Lack of time

The inactivity option allows you to lock your Mac at certain times of the day. During downtime, anyone using the computer can only access whitelisted applications. If you’re worried that your kids are using the computer when they should be sleeping, shutting down is the tool for you.

To activate the function, click «Activate». Then you can click on the «Every day» or «Custom» option to create your own program. A personalized program is perfect if you agree that your child uses the computer more on weekends.


If you turn off «Idle lock», your child may ignore the time limit of the day. However, this makes Screen Time more of a counseling tool than a real parental control; If you want to lock apps correctly, leave it enabled.

Application limits

If you don’t want your child to use a particular app or service too much, the «Application Limits» option can give you peace of mind. This feature limits the use of the app to a certain number of minutes per day. The timers are reset at midnight.

In the «Application Limits» menu, click the plus sign (+) to add the application you want to limit. You can also select entire application categories, such as ‘Games’ or ‘Social networks’. However, if you prefer, you can select the specific applications (such as Safari or Fortnite) that you want to limit. Set a time or schedule, click the checkbox next to «Lock at the end of the limit» to turn off the app when the time is up, and then click «Done.»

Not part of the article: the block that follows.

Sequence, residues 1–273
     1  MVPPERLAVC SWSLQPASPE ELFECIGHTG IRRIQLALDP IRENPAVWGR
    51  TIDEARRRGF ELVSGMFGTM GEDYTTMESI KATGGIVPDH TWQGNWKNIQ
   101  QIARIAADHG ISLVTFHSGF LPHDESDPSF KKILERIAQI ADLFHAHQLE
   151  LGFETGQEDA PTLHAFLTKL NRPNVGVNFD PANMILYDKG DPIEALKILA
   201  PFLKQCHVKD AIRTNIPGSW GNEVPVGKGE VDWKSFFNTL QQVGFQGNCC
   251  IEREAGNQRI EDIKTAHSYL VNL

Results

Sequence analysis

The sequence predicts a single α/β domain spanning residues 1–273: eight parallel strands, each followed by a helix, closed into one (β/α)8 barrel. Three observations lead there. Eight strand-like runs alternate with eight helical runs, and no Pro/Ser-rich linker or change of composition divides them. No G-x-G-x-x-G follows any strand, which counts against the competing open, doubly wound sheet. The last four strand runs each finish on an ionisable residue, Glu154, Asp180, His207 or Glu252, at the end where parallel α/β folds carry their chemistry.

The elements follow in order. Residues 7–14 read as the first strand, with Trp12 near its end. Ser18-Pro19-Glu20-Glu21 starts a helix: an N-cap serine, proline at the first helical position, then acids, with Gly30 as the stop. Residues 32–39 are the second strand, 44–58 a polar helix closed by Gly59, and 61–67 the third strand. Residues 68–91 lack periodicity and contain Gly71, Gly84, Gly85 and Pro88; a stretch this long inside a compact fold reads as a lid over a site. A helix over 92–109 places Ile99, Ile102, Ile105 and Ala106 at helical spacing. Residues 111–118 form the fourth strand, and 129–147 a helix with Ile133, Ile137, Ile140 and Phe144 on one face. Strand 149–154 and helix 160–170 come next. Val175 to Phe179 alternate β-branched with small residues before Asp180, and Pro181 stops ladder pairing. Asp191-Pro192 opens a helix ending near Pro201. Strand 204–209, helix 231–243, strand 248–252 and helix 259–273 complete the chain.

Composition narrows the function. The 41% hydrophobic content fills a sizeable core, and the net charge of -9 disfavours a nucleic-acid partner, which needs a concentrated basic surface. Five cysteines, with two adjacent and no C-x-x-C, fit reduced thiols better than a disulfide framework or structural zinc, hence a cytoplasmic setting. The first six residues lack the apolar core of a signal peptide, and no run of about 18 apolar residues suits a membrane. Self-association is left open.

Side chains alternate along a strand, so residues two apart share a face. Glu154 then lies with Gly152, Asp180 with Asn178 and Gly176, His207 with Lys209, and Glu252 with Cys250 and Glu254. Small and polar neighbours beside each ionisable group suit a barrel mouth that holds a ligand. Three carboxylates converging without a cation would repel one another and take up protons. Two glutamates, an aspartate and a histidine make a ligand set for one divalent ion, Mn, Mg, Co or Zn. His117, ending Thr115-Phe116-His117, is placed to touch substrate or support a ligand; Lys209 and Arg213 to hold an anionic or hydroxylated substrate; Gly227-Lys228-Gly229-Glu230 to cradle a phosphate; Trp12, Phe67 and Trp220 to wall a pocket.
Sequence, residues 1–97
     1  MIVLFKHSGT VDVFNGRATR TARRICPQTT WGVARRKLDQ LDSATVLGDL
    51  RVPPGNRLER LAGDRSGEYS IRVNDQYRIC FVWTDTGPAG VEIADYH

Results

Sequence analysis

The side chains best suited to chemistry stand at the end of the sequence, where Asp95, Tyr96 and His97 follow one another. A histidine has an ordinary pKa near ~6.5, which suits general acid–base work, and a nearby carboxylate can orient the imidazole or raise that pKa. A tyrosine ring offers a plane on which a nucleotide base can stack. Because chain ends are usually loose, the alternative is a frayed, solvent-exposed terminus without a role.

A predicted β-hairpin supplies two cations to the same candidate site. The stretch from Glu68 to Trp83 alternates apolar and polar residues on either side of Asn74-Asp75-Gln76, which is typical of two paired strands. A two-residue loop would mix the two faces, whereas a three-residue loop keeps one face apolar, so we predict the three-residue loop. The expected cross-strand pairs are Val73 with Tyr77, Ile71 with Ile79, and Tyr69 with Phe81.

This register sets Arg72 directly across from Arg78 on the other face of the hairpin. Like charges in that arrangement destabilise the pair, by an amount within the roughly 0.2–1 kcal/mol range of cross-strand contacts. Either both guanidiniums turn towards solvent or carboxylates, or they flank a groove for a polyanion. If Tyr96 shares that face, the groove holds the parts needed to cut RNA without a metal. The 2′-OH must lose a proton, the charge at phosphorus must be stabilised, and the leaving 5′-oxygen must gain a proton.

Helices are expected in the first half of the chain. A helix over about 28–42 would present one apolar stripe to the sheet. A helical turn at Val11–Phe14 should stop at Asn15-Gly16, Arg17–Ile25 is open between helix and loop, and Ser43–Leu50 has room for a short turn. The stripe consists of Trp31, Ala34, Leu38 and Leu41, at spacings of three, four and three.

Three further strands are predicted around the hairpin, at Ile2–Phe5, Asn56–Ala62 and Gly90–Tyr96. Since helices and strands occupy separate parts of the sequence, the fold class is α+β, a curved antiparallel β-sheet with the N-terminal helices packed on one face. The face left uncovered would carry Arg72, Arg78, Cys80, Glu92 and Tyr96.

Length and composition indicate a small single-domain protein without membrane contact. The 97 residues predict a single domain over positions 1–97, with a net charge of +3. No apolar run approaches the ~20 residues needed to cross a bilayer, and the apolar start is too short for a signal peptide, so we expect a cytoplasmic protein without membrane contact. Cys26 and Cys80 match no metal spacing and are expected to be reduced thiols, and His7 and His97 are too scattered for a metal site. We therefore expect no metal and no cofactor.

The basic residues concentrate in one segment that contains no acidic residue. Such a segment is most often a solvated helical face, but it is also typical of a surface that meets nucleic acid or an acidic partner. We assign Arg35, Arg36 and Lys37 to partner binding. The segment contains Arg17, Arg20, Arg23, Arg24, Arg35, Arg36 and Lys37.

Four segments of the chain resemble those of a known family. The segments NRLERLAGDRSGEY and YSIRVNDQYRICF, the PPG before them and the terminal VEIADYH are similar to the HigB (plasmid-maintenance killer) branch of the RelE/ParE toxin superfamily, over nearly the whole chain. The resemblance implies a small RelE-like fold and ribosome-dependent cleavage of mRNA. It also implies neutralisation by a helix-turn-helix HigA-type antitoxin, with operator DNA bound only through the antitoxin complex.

The "Edit Application Limit" menu on a Mac.

Unfortunately, macOS does not differentiate between an application that someone uses and one that is open in the background. For example, if you limit Safari to two hours a day and your child types a task while searching the web, macOS will still limit Safari to those two hours, no matter how much time your child actually spends browsing.

This is not a problem for other applications, such as games, but you may want to think twice before limiting the main services, such as Safari or Messaging.

Always allowed

In the «Always allowed» section, you can whitelist any application that your child can access at any time. These applications will continue to run after «downtime» begins.

"Always allowed" menu.

If you want to block everything and set up a white list of applications, please enable the option to block «All applications and categories» in «Application limits» and then add each application in «Always allowed».

Content and privacy

The «Content and Privacy» menu is where you can really restrict what your child can see and do on a Mac. Click ‘Enable’ to enable this feature, and then navigate through each section.

The "Content" menu in "Content and Privacy" on a Mac.

In the «Content» section, you can restrict web content, explicit language, and multiplayer games. If you want to restrict web content, you can choose «Unrestricted access», «Restrict adult websites» (which applies the Apple content filter) or the basic «Only allowed websites» option (which blocks everything except applications on the white list).